By the end of this month, Lululemon will have three stores in Mainland China, two in Shanghai, located in IFC Pudong and Jing’an Kerry Center, and one in Sanlitun, Beijing.
The yoga and athletic brand opened its first Mainland China showroom in 2013, marking its entry to the market. Up until now, Lululemon relied on its three showrooms in the country, which offered a limited selection of the brand’s clothing and aimed to incubate the local community, and sold its products through Alibaba’s Tmall. The company claims to have learned about the market through these showrooms by hosting a variety of events and monitoring consumers’ behavior online. The showrooms, considered precursors to stores, have since closed. Executives declined to give overall sales information for China but a spokeswoman said sales on Tmall have been growing 50 percent quarter-over-quarter.
While it has taken the brand a while to get around to opening freestanding stores, Lululemon chief executive Laurent Potdevin said his company is taking the cautious route.
“We go to market when our communities are ready to go to market. From a retail standpoint, the digital landscape has changed so much [in China]. It is ahead of where the rest of the world is, so it is not the time to rush into opening 100 stores or 200 stores. I don’t think that’s really what motivates us, but it’s how many people can engage with the brand, whether it’s digital, in the stores, or in models that don’t even exist today,” he said.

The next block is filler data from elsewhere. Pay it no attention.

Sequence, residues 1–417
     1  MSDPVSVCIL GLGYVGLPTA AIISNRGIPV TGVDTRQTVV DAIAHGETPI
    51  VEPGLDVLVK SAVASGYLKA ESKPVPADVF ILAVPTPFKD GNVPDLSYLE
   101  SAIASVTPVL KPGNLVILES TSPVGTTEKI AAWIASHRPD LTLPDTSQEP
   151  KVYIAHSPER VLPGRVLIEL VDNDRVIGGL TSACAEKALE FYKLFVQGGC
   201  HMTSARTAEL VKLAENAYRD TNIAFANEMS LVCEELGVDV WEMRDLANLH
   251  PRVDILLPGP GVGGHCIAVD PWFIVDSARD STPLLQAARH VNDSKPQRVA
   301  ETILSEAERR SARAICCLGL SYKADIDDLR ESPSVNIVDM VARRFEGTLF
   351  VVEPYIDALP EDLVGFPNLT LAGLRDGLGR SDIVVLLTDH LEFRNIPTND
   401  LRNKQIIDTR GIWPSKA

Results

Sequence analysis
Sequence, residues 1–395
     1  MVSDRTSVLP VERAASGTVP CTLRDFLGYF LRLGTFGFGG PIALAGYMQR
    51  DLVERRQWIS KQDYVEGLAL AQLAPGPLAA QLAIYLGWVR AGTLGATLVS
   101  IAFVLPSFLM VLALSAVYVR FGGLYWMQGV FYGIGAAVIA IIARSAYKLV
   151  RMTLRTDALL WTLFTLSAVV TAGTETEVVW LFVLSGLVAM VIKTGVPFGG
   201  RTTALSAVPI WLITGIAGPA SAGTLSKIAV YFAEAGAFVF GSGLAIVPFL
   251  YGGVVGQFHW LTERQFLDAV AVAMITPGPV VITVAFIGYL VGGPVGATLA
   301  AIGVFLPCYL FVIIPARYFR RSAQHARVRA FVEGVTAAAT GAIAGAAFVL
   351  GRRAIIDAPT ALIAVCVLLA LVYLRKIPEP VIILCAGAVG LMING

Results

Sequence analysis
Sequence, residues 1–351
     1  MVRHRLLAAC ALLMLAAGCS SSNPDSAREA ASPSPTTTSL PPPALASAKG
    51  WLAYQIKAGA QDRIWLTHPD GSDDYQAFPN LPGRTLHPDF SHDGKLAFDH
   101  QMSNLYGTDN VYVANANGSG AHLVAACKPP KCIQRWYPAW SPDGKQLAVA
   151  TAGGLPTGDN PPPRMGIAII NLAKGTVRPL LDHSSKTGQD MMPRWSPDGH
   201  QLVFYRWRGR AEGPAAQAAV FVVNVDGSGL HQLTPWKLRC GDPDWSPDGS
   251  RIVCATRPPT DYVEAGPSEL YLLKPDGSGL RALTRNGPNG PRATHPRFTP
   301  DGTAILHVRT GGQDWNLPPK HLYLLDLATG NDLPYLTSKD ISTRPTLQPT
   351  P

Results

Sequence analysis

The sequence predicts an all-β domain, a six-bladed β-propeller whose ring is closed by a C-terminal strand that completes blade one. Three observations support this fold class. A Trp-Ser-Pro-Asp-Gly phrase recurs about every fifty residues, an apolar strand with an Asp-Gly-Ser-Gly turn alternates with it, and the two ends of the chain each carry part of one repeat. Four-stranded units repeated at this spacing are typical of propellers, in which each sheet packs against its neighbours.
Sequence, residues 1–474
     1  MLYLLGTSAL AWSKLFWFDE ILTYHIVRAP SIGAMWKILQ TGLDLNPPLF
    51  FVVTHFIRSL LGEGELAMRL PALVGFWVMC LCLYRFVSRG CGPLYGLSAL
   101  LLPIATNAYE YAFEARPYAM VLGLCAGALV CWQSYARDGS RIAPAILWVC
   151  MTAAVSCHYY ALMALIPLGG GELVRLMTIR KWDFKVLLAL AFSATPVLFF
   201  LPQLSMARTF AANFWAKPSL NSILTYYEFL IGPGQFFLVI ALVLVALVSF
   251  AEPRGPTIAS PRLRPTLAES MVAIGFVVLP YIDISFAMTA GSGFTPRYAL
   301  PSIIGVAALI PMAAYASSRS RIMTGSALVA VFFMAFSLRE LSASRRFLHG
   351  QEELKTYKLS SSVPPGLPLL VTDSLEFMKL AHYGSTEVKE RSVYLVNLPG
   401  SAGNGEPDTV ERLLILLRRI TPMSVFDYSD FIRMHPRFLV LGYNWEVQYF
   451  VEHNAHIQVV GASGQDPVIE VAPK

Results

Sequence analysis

To coincide with the store openings, Lululemon will launch its Chinese e-commerce web site. This launch had originally been slated for mid-2015. Although the brand’s Tmall store was created, a dedicated web site did not materialize.
“Obviously, we could just open e-commerce for the sake of opening a store, but we wanted to make sure that our assortment was available and our content was available. We wanted to create some sort of synergy between our stores and digital,” said the brand’s senior vice president, Ken Lee.
Lululemon is hoping to tap into China’s embrace of sporty pursuits — particularly in the lead-up to Beijing hosting the 2022 Winter Olympics. In particular, the company is eyeing undersaturated, increasingly wealthy, Internet-savvy shoppers living in second- and third-tier cities.
“We have started exploring tier-two and tier-three cities,” said Lee. “We had one of our biggest events in Chengdu, where we have no presence. In one day, 500 people showed up. We’ve got the opportunity to explore and we have the culture of listening.”
Since entering China, the brand has introduced size 29 in men’s pants, to fit the more petite man; however, it has not drastically altered its offering from North American stores.
“Our design team travels a lot and gets inspired from sports in different parts of the world. We are definitely inspired by Asia in what we do, but I really don’t believe that you become successful by designing a specific product line for a specific market,” said Potdevin, adding that the brand will make some adjustments for fit.
Executives said the brand has lowered its prices in China to come in at levels close to that of the United States to encourage Chinese customers to shop at home rather than wait until they travel. The align pant, the newest and one of the brand’s most popular pants, costs $98 in the States compared to 850 renminbi (or about $123) in China.
“I’ve heard so many times, ‘I wait until I travel to buy product.’ We don’t want people to wait. We want them to engage with the brand when they see something they love,” Potdevin said.
Earlier this month, Lululemon posted third-quarter results that easily beat Wall Street’s consensus estimates. Net income for the three months ended Oct. 30 jumped 28.5 percent to $68.3 million, or 50 cents a diluted share, from $53.2 million, or 38 cents, a year ago. Net revenue rose 13.5 percent to $544.4 million from $479.7 million.